AWS keeps Hive VFX Buzzing with Virtual Workstations
Visual Effects Collective stays location-independent with Amazon EC2
Founded by VFX supervisor Bernie Kimbacher, Hive VFX is a collective of visual effects artists united by the flexibility of working in the cloud. The company was formed in May 2019 to offer an alternative to the traditional VFX studio lifestyle, which largely dictates how and where artists need to work. Specializing in 2D and compositing, such as green-screen backgrounds and beauty work, Hive VFX’s first projects included Netflix original action films Spenser Confidential and Extraction, both completed using an AWS Studio in the Cloud workflow.
“I was drawn to the cloud for VFX based on lifestyle,” notes Kimbacher. “My goal for Hive VFX was to rethink the traditional studio model and, in essence, create a hub for freelancers that gives artists more freedom to choose their projects. The cloud also helps us to be location-independent. And with AWS, I can spin up high-performing hardware that would have previously been impossible to build as a physical studio due to infrastructure costs.”
Hive VFX artists use a standardized workflow made up of off-the-shelf and proprietary solutions, an approach that keeps overhead low while simplifying the artist onboarding process. Each virtual workstation runs on Amazon Elastic Compute Cloud (EC2) G4 instances, outfitted with the latest generation Nvidia T4 Tensor Core GPUs and Quadro technology. They feature Foundry’s Nuke compositing software, as well as Boris FX’s Mocha and Silhouette for specialized tasks. Autodesk Shotgun is used for project and asset management, and software licenses are managed on a virtual server, from which the virtual workstation accesses a floating license.
When adding an artist, Kimbacher is able to easily spin up a new virtual machine with the predetermined specs that have been saved as an Amazon Machine Image (AMI). Artists can then access their virtual workstations on their devices via the internet, in some cases with a consumer-grade connection, using Teradici Cloud Access Software, which streams pixels to the artist’s monitor.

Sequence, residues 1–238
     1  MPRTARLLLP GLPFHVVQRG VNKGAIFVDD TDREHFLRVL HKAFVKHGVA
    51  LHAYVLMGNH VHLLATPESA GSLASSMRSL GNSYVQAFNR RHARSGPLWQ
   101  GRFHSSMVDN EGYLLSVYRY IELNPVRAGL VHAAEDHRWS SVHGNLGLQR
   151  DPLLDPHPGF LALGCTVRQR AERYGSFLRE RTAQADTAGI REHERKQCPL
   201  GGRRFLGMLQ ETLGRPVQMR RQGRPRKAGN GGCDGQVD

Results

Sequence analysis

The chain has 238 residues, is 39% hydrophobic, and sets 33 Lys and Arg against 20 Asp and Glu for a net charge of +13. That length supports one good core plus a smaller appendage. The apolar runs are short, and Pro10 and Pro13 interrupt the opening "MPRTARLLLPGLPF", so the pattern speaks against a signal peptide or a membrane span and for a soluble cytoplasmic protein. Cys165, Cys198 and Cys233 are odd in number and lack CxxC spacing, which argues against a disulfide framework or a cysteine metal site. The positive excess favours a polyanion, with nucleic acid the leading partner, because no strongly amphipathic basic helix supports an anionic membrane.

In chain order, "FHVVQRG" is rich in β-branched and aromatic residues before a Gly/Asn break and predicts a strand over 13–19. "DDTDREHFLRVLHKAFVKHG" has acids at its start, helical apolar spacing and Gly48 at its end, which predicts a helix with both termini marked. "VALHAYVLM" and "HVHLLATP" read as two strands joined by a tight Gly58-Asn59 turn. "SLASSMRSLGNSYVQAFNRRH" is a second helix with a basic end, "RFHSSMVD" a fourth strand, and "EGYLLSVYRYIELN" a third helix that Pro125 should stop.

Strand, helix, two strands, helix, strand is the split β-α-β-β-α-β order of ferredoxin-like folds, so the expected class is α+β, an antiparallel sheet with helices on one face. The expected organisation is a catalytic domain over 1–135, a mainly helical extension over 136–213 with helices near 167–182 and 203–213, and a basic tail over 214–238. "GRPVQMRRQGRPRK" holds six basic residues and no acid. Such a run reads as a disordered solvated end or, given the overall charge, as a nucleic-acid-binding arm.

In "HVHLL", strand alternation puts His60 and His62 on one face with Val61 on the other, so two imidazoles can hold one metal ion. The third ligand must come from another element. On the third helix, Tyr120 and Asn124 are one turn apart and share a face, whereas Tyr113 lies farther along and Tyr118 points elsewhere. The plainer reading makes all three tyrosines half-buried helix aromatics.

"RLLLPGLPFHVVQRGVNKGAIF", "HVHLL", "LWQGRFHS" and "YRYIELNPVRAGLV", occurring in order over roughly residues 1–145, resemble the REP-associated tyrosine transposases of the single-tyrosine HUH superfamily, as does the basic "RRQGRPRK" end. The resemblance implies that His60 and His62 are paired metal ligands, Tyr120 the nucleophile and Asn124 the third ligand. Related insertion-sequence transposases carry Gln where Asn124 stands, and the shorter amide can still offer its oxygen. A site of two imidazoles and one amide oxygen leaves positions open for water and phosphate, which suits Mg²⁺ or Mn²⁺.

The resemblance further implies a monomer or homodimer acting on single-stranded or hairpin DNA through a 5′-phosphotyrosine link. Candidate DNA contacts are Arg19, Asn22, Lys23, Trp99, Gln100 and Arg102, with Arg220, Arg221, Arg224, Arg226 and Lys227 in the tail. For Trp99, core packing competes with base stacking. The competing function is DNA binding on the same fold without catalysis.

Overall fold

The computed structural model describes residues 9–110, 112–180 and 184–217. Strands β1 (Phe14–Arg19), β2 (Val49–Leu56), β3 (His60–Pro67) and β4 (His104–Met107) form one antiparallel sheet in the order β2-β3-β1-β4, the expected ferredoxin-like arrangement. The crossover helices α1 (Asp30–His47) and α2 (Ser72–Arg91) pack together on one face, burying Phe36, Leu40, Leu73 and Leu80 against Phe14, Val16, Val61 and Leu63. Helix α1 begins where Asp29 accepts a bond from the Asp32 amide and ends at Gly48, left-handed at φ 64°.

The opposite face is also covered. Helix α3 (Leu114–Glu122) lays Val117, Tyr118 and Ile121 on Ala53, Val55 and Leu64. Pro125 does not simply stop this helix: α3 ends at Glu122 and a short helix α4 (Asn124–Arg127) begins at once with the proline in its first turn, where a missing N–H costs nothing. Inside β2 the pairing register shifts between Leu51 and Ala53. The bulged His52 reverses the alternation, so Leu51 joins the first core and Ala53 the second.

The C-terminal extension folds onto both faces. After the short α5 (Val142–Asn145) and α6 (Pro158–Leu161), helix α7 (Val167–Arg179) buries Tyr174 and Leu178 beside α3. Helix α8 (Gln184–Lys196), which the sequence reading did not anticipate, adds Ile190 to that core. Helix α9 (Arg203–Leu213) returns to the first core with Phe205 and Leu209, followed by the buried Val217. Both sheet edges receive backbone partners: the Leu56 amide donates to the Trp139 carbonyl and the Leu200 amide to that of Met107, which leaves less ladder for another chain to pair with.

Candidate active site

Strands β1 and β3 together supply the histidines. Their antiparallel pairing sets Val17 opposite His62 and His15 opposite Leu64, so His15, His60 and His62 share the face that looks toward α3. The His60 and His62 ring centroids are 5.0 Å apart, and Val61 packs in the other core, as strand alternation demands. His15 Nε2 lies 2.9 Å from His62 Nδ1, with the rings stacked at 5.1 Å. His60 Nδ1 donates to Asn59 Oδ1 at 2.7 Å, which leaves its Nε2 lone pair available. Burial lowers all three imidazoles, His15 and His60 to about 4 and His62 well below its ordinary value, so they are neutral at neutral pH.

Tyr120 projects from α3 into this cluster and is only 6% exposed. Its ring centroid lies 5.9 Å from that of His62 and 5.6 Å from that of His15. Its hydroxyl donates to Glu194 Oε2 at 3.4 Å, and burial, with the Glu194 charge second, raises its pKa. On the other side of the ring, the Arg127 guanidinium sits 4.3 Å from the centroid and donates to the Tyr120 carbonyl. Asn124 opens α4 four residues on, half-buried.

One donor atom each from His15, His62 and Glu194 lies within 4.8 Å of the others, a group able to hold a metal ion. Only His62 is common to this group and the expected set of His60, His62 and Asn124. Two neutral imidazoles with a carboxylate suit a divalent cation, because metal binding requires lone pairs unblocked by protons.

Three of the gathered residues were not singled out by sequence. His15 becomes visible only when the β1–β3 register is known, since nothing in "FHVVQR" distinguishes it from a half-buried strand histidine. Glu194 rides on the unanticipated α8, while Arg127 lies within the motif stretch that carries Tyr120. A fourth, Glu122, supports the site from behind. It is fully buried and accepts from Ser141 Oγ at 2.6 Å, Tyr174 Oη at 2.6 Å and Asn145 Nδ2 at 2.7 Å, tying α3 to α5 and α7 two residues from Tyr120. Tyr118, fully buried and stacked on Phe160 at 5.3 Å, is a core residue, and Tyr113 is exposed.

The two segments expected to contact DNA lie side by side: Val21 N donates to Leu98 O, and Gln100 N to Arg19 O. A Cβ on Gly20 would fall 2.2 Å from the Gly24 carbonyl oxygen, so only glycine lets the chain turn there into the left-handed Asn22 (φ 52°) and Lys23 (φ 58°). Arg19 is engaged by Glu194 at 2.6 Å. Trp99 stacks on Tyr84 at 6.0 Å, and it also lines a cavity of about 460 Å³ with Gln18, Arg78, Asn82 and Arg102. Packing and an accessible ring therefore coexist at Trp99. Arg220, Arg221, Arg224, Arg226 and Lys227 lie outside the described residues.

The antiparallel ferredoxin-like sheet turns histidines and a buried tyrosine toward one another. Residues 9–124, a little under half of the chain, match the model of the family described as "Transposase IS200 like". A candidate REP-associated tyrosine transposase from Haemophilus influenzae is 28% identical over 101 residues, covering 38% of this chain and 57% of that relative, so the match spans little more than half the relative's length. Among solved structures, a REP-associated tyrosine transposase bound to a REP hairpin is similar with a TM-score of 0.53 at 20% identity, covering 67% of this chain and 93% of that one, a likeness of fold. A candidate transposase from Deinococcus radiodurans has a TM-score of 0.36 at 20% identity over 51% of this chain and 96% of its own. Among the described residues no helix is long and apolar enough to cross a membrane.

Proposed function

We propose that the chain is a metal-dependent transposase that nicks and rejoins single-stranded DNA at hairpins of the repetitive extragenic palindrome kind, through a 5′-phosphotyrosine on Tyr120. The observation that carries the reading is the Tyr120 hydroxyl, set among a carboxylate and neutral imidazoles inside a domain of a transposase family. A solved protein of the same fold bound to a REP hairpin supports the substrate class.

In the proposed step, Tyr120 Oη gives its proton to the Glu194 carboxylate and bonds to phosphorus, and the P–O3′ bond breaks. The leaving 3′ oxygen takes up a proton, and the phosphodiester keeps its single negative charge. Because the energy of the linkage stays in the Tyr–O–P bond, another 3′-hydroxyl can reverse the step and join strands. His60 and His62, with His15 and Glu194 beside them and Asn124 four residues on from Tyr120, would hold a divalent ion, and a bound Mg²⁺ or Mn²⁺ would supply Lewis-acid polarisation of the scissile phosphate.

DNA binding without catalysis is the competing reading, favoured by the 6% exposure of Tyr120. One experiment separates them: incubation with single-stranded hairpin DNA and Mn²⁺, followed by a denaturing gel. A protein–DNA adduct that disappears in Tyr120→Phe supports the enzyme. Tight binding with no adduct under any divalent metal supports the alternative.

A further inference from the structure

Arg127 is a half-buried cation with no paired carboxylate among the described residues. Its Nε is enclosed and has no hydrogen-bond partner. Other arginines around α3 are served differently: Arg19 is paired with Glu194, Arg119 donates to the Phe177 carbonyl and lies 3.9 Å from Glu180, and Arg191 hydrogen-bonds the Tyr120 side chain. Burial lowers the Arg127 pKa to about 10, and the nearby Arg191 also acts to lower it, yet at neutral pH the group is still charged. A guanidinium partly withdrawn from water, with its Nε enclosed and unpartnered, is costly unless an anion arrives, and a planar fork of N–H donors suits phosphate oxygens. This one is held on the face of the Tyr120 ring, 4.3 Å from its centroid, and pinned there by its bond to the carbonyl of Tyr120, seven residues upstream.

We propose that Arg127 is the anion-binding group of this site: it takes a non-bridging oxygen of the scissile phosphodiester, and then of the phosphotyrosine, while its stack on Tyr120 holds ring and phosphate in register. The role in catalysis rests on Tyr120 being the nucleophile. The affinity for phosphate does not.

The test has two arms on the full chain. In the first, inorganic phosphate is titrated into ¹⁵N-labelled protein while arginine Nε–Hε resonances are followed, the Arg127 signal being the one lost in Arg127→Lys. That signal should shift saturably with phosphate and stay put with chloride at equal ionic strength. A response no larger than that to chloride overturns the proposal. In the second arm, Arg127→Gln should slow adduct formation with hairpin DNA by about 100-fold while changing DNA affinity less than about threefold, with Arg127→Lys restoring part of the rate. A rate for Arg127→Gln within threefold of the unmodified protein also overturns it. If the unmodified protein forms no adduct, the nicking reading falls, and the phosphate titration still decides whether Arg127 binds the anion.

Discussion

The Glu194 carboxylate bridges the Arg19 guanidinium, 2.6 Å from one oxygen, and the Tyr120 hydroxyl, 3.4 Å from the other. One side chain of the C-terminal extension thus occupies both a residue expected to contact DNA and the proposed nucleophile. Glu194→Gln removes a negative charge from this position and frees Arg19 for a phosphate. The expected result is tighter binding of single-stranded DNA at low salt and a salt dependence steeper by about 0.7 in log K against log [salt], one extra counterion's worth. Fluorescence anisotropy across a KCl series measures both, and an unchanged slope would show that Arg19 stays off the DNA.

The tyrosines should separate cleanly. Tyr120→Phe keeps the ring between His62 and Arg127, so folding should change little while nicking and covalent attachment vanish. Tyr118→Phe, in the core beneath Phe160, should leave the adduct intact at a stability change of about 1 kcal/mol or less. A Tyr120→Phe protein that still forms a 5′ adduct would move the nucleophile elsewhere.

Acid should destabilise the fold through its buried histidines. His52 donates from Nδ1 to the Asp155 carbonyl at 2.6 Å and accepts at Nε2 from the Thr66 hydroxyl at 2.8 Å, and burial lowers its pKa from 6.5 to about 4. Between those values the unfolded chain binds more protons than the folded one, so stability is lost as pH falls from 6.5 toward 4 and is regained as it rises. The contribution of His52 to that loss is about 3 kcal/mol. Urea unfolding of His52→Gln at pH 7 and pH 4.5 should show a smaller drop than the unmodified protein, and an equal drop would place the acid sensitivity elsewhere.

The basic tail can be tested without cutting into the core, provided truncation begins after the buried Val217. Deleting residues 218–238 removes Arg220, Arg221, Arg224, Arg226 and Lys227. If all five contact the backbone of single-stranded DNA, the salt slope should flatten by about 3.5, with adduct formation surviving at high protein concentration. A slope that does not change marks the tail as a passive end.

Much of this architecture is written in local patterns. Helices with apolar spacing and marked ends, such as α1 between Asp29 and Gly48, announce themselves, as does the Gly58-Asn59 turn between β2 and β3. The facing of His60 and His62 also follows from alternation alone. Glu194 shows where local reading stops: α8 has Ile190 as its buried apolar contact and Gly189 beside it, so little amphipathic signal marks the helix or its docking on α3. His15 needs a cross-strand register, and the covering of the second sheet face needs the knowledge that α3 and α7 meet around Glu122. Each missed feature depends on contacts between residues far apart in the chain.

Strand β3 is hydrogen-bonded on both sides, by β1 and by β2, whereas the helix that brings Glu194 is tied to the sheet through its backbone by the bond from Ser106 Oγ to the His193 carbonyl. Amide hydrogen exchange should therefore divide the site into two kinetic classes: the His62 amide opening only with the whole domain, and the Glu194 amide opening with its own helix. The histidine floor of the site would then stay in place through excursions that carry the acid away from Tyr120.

“All our data is hosted on AWS and remains there. The only content transferred to our monitors is a video feed of the artist’s work, not actual data, which is tightly secured within AWS. Also, to access a virtual workstation, the artist’s IP address must be whitelisted — even if they have the login information, and we have additional security measures in place, such as two-factor authentication,” Kimbacher explains. “The workstation performance we get with G4 instances is well above even some of the bigger studios, and it’s more than sufficient for our needs.”
For storage, Hive VFX uses an AWS FSx for Lustre file system backed by Amazon Simple Storage Service (Amazon S3), combining FSx with the highly secure and highly available S3 for strong data redundancy. Amazon EC2 Spot Instances are used for rendering, allowing Hive VFX to tap cost-effective compute for even the most render-intensive workloads. It also allows them to get the most out of free licenses of AWS Thinkbox Deadline render management software to further optimize their allocations.
Most Hive VFX artists to date have completed work from various parts of British Columbia. However, Kimbacher has used his virtual workstation for projects while in Nova Scotia and Frankfurt, Germany, maintaining high performance by leveraging the closest AWS region. “We mostly use the AWS US West Region, but it’s nice to be able to easily switch to the US East Region, to a Europe Region or to wherever when needed. This gives us more agility because we can tap artists in other locales, including VFX hubs like Toronto,” says Kimbacher.
As cloud becomes more of a mainstay in VFX, Kimbacher anticipates that it will open up an entry point for a number of boutique studios that previously wouldn’t have had the opportunity to set up shop. He concludes, “It can take some time to wrap your head around the cloud, and a lot of people don’t realize how accessible it is with AWS. I am by no means an IT person, and I was able to migrate my entire workflow to AWS, in the middle of a project, in about a month. The process was very user-friendly, and I would encourage anyone considering the cloud for VFX to just test it.”